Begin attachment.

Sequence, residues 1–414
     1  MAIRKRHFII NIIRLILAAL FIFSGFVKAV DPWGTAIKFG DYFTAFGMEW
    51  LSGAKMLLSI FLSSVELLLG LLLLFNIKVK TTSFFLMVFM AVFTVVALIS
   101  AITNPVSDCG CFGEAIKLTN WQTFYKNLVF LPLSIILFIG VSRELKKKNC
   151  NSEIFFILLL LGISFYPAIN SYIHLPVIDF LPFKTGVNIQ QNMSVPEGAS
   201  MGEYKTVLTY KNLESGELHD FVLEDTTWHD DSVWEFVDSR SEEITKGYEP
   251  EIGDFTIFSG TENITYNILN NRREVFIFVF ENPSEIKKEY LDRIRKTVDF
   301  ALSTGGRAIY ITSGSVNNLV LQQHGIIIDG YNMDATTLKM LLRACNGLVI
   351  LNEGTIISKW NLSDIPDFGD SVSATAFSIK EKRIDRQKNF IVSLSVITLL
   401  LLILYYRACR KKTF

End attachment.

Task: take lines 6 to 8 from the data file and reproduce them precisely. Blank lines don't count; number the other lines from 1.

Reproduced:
   201  MGEYKTVLTY KNLESGELHD FVLEDTTWHD DSVWEFVDSR SEEITKGYEP
   251  EIGDFTIFSG TENITYNILN NRREVFIFVF ENPSEIKKEY LDRIRKTVDF
   301  ALSTGGRAIY ITSGSVNNLV LQQHGIIIDG YNMDATTLKM LLRACNGLVI